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Jun 26, 2018 8:30 AM CET

New study: Engagement for the internet leads to confident parents and kids that feel safer

Tele2's annual survey, “Children and the Internet”, shows that more than half of all Swedish children have seen something they thought was scary on the internet, and many have been contacted by unknown adults. Children with parents who show an interest in their internet usage are more likely to talk to someone if they experience something frightening.

For the second consecutive year, Tele2 presents the survey "Children and the Internet", featuring internet habits of children, 9-14 years old. This year, the survey is complemented with answers from parents of children in the same age, and it is clear that many worry about what their kids are experiencing on the internet. At the same time, the study shows that 6 out of 10 children who have seen something frightening have been exposed to it through someone else, while only 14 percent have looked it up themselves.

"Many parents worry about what their children do online and almost a third feel that they are not involved. It also can be difficult to protect kids from frightening experiences when content is often spread through friends – at the school yard or through shared content in social media", says Viktor Wallström, EVP Group Communications, at Tele2.

One in five children has been contacted by unknown adults online and nearly one per school class has been asked to meet up with an unknown adult. Young girls are more active in social media and more often subject to contact attempts. At the same time, fewer girls than boys have rules for internet usage at home.

The survey shows that children in homes with established rules for internet usage more often speak with an adult when they encounter something frightening online. However, 4 out of 10 children have no rules for internet usage at home, and many of those children do not talk to anyone if they see encounter something frightening or unpleasant.

"It is important to set rules, regardless of whether your children are girls or boys. The youngest kids tend to use the internet in a more protected and safe way, but that changes rapidly in higher ages. Therefore, try to be enthusiastic and talk to your kids about their experiences online as early as possible. You will feel more confident and make your children feel safer," says Viktor Wallström.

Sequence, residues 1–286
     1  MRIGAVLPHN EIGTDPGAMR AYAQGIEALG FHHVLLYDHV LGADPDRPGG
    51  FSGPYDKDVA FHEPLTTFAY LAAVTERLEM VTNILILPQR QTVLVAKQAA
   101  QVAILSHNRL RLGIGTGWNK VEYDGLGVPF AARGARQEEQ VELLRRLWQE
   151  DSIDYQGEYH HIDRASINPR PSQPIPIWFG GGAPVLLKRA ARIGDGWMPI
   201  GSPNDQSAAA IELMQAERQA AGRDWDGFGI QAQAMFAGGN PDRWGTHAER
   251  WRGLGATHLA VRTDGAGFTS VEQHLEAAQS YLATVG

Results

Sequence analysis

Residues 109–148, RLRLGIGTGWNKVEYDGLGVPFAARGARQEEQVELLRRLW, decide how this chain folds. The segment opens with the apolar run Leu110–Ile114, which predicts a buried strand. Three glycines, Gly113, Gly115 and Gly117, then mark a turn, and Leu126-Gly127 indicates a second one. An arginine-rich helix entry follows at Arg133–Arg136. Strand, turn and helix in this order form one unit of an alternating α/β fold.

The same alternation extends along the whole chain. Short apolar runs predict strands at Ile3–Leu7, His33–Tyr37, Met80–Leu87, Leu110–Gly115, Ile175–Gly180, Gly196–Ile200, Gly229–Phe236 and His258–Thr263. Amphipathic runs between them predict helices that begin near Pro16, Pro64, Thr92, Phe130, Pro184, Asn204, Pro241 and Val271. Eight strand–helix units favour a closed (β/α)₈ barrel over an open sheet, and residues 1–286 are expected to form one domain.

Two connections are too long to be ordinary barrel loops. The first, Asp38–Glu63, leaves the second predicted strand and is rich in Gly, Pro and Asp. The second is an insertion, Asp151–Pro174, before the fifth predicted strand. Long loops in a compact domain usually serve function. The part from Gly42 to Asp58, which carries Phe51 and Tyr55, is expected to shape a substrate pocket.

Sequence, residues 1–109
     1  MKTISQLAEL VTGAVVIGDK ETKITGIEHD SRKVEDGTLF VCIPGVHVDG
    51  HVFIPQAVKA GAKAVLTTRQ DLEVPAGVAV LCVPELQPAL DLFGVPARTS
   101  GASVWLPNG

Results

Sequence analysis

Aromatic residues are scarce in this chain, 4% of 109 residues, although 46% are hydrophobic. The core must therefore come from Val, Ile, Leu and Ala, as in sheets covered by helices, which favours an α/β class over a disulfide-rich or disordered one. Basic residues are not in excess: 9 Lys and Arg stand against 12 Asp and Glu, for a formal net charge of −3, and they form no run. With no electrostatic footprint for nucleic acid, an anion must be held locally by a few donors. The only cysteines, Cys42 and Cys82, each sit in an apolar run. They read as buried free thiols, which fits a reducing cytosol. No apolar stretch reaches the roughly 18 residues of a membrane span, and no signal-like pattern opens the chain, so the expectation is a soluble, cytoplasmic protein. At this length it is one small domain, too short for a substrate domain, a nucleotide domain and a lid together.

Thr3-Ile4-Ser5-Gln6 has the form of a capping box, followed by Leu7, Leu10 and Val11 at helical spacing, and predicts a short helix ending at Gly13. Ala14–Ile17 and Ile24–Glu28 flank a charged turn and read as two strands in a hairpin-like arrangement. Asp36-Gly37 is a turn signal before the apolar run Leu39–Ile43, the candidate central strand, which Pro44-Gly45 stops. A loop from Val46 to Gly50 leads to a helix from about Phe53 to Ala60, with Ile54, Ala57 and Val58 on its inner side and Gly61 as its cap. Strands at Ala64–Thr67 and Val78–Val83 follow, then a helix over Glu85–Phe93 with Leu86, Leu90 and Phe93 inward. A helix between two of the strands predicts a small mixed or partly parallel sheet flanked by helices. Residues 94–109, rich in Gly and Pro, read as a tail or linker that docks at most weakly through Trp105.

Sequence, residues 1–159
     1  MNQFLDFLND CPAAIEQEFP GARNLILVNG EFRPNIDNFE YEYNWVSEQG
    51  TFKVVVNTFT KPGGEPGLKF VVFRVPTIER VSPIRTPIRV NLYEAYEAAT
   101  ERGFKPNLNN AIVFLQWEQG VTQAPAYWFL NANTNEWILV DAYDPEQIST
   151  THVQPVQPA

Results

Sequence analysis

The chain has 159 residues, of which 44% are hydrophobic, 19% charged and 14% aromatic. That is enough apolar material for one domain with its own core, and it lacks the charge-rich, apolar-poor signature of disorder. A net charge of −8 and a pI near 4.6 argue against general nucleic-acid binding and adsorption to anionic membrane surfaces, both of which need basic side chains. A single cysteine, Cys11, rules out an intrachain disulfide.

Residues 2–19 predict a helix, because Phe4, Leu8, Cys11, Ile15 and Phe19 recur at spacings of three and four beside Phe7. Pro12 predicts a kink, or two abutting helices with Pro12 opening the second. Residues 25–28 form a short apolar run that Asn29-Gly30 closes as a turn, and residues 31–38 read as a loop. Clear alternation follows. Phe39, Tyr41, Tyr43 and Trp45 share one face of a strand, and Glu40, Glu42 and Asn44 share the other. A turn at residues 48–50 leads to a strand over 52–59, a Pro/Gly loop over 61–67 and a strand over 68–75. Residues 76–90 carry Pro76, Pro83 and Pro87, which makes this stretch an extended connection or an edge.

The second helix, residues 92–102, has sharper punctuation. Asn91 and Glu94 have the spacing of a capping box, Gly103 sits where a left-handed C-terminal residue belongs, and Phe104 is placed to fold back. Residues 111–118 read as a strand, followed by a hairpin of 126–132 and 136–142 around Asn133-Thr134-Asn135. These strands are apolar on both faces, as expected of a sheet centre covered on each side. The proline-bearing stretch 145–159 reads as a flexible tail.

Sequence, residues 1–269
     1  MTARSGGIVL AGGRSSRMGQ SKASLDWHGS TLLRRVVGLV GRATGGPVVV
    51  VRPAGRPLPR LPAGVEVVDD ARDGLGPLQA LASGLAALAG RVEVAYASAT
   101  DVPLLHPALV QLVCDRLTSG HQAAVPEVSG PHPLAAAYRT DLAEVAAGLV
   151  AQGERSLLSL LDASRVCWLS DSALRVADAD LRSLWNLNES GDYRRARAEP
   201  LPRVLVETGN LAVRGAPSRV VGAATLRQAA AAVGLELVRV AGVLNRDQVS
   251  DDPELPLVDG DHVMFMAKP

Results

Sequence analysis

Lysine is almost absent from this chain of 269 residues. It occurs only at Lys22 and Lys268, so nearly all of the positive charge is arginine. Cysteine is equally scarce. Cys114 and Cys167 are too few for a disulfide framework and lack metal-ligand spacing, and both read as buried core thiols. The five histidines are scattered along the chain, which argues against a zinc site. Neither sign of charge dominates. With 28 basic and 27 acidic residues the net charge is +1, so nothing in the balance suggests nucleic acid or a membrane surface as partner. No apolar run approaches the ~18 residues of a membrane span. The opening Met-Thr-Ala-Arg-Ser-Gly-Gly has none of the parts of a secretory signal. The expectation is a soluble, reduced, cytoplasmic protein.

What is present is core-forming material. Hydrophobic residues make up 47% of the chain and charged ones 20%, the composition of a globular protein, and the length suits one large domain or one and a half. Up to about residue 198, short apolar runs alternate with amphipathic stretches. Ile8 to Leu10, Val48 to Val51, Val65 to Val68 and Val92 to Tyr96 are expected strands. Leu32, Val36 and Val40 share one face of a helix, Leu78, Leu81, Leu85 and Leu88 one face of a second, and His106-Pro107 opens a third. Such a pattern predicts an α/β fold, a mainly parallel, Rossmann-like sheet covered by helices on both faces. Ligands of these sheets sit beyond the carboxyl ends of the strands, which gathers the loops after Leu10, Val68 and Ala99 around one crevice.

Tele2 takes responsibility
Tele2 contributes to a safer internet by actively blocking sites that contain sexual abuse of children. Based on authorities like Interpol, about half a million pages are blocked each month.

"Tele2 strongly believes in the connected life, but we also see that there are negative aspects that should not be ignored. Our children must be protected from the dark forces that exist online and the study gives us more insights how we can contribute as parents and adults. At Tele2 we are constantly trying to develop new tools to protect children who use our services, but the study also shows that the best thing you can do is to get engaged and show enthusiasm for your children’s’ life online," concludes Viktor Wallström.

For more information and a summary of the study, feel free to visit Tele2’s Child Protection site.

Tele2’s advice to parents

  • Show engagement and enthusiasm for your children’s life online.
  • Discuss with your children and agree together on what should be allowed to do online.
  • Both girls and boys need the same support.

Facts about “Children and the internet”
The report is based on a survey conducted by Novus on behalf of Tele2. In Sweden, 1249 children aged 9-14, and 212 parents of children of the same age, participated in Novus representative and randomly recruited web panel (named “Sverigepanelen”). The survey was conducted between April 23 and May 3, 2018. Feel free to contact us for the full report.

For more information, please contact:
Joel Ibson, Head of Public Relations, Tele2 AB, Phone: +46 766 26 44 00
Erik Strandin Pers, Head of Investor Relations, Tele2 AB, Phone: +46 733 41 41 88

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